Macey acknowledges the difficulty, especially because, as new entrepreneurs, money can be hard to turn down. “I realized where I find the most joy is when I can take my client from a blank canvas to a fully established brand and website – the full package,” says Macey. “And so, I had to get comfortable with saying no, and sometimes that upsets people, or sometimes they don’t understand. But I knew that if I could get the exact amount of clients I want with my key package, it would make me more money and get me closer to my goals. So, I was guided by money, but just in a different sense.”

As Macey talks, I recognize that she figured out where the big-ticket items were coming from and how to replicate more of that work that drives revenue and energizes her.

“Exactly!” she confirms. “Once you figure out that key component, it can still be hard to say no, but you have to trust in yourself and in your business because it does take time.” 

I’m curious, now that Macey has been in her business for a couple of years, about the times when she had doubt in her business. I ask her how she worked through negative mental narratives to stay consistently focused on the activities necessary to grow her business.

“So,” Macey starts with a smile. “You’re asking how the heck did I get off the LinkedIn part-time jobs page? How did I quit thinking about going back to something easier? Because I definitely had a few days like that. The biggest thing that helped was going back to what I love the most about my job, which is my clients, designing and the creative side of things. When I started questioning whether or not this was worth it, I would take a look at what I had done already in that previous year, to see all the wins that I’ve had before. Then, taking a look at the testimonials that I had received and the impact that I had been able to create with my clients. That was a big factor. And honestly, taking a break. Usually, when I wanted to quit, it was because I was overwhelmed. And I never want to be overwhelmed in my business. I always want to come from a place of peaceful productivity. Whenever I would question whether I was suited for this, it was usually because I was stressed, wasn’t making enough money, or I upset a client. All of which happens. And so, a lot of times, I would take a break, and I’d close up my computer for the day. Nothing is that urgent. I’d go on a walk. I’d go see a movie. And then I would begin the next day with a fresh start. I’d have my favorite cup of coffee, open up that laptop, and get back to work. The best advice that I have for any entrepreneur is do not quit, keep pushing through and be patient. Because you will be able to reap the rewards of your hard work.”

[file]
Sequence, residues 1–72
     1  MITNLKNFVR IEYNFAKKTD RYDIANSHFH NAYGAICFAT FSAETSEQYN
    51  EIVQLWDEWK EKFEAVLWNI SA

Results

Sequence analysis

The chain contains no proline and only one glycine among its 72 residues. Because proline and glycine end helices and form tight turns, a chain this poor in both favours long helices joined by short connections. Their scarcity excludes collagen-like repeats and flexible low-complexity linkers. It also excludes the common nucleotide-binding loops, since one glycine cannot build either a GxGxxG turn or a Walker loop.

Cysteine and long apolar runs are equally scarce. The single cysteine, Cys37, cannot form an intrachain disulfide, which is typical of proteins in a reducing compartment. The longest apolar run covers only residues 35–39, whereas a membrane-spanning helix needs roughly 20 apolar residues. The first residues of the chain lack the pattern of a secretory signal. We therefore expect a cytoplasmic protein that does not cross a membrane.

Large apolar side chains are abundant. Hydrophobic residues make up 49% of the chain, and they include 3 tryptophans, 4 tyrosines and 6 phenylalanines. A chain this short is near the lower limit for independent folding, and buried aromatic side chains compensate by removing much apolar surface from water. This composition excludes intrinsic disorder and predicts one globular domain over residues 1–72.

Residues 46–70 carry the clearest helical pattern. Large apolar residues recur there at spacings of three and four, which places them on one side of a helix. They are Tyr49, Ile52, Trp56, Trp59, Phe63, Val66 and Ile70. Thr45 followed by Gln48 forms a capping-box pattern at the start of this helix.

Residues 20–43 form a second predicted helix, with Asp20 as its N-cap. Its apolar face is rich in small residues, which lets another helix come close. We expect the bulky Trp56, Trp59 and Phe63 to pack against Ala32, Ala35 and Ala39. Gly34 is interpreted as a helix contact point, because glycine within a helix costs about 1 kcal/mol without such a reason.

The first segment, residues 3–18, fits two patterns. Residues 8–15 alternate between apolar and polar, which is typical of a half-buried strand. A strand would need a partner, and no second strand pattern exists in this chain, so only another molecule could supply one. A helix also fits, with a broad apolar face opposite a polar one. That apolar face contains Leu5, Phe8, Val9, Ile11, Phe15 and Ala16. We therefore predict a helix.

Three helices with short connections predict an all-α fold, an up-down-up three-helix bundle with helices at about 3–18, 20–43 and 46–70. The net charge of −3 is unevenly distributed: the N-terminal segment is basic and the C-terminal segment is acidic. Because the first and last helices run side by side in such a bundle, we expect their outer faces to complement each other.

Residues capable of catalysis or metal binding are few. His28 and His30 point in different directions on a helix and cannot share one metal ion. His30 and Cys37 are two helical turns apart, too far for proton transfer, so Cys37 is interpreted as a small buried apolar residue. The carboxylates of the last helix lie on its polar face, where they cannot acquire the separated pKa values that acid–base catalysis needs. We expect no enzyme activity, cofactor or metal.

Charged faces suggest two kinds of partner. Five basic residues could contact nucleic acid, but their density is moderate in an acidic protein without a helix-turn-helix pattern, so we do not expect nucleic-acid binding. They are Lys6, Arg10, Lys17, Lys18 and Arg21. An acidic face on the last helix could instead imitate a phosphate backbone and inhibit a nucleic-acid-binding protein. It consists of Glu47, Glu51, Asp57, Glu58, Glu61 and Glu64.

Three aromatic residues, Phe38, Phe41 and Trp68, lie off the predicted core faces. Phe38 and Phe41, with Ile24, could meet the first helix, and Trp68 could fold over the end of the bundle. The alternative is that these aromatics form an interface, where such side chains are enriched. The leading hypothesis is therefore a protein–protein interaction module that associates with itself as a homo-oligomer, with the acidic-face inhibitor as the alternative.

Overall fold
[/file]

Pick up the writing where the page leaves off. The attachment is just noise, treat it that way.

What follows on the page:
Consistency is such a critical component. I know that so many times, as entrepreneurs, we might want to stop, or we don’t see the results right away. And it sounds like great advice from Macey. When you feel frustration, that’s a trigger to take a break. She is a great example of discipline to take an afternoon or a day off versus letting that break turn into weeks or months. It is so important to understand how we tick, what gives us energy and how we can get back to our mission and serve clients.

I ask Macey to share more about her clientele since she mentioned working with female entrepreneurs. I’m interested to learn from her perspective what things we do that hinder our progress and what we should avoid as we’re building our brand.